St. James Cathedral is a large and beautiful church, but its size and beauty aren't what make it a cathedral.  St. James is nearly 100 years old.  But being old doesn't make it a cathedral, either!  Believe it or not, this chair is what makes it a cathedral!

This is the bishop's chair.  In Latin and Greek, the word chair is "cathedra," and this is where the word "cathedral" comes from.  The cathedra is a special chair, not because it's fancier than all the other chairs, but because it represents how we are all connected to the broader church.  It reminds us that the bishop is the teacher of our local church, which is part of the worldwide church, led by the Pope in Rome.

The cathedral is the bishop's church and the "mother church" of the diocese (the surrounding area).  There is only one cathedral in all of Western Washington, and that's St. James.  And there's one Archbishop, Archbishop Brunett.  St. James is the cathedral and mother Church for all of Western Washington.  This is the church where the archbishop comes on special feasts; this is where priests and bishops are ordained.  At the same time, it's also a parish church, where people come to pray every Sunday, where baptisms and weddings take place, where there are concerts and special events.

The Blessed Sacrament Chapel

The Blessed Sacrament Chapel is a very holy place.  In the tabernacle are kept the hosts (the bread) that is consecrated at Mass.  Here ministers come to get hosts to take to sick and homebound people who aren't able to come to Mass.  Here people come to pray in silence in the presence of Jesus.  The large gold lamp (on the left hand side of the picture) has a candle that burns all night and all day.  This candle is a sign to those who enter the church that the Blessed Sacrament--the body of Christ--is present in the tabernacle.  All over the world, if you go into a Catholic church, look for this light burning.  It will tell you where the tabernacle is.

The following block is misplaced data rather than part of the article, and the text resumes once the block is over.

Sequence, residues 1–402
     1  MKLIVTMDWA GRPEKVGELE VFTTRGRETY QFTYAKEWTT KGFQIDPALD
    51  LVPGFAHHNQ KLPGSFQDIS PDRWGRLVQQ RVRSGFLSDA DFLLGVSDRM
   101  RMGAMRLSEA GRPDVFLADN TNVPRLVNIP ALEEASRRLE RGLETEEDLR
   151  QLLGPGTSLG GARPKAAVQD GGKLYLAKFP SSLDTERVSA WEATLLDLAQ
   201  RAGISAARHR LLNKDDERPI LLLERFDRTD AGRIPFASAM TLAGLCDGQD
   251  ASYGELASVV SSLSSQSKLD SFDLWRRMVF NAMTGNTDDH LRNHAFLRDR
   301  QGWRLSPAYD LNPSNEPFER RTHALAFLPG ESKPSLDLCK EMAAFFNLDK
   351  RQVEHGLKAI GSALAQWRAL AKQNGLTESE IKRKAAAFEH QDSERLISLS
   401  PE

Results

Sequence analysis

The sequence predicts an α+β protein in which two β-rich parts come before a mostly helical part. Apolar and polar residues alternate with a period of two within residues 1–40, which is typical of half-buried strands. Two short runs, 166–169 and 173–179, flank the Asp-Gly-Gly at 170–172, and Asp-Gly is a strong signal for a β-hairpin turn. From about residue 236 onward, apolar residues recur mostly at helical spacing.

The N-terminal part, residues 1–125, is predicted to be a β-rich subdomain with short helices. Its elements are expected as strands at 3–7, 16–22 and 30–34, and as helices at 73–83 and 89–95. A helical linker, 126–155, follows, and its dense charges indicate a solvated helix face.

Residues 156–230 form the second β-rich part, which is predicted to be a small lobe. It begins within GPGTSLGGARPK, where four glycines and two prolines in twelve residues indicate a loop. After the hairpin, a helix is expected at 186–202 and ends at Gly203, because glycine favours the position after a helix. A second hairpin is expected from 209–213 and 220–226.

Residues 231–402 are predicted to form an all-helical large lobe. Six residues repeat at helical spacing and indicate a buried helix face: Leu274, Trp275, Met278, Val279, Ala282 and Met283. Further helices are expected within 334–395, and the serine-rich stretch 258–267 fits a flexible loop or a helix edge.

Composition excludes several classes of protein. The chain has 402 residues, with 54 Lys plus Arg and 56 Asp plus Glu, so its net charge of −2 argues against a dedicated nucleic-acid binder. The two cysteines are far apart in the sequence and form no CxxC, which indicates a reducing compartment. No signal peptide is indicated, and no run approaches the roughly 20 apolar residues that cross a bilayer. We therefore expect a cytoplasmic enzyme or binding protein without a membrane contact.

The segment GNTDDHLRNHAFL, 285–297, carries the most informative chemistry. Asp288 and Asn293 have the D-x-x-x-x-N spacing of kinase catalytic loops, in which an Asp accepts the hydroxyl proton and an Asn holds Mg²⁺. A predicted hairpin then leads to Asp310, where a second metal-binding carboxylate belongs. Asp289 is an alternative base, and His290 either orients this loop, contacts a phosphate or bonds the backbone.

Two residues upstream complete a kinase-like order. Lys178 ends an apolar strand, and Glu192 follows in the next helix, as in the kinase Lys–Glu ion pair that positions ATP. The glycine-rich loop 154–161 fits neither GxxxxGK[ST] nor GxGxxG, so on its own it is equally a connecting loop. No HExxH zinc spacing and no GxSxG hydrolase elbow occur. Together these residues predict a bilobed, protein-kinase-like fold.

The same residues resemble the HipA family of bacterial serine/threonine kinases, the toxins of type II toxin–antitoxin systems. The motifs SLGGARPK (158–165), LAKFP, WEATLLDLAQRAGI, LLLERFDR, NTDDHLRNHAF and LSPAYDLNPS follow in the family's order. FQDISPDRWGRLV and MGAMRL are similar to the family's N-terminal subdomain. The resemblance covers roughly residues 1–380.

The window shows the crucifixion of Jesus with his mother Mary and Saint John standing at the foot of the cross.
The Tabernacle

The tabernacle is where the consecrated hosts are kept.  The tabernacle of St. James was inspired by the story of the burning bush from the Book of Exodus.  Moses saw a bush that was on fire but was not consumed, and God called to him out of the bush.  This story reminds us of the powerful presence of Jesus in the Blessed Sacrament.

The Crypt

The crypt is a burial place for Archbishops.  Underneath the cross are eight burial chambers.  So far, only one Archbishop has been buried here, Archbishop Thomas J. Murphy who died June 26, 1997.  Whenever there is a funeral in the Cathedral (there are about forty every year), the casket or urn is placed here, over the crypt, and the family gathers around to pray for the person who died.

The crypt is a good place to stop and pray for all those we love who have died.


Continue on to Stained Glass Images



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804 Ninth Avenue
Seattle, Washington  98104
Phone 206.622.3559  Fax 206.622.5303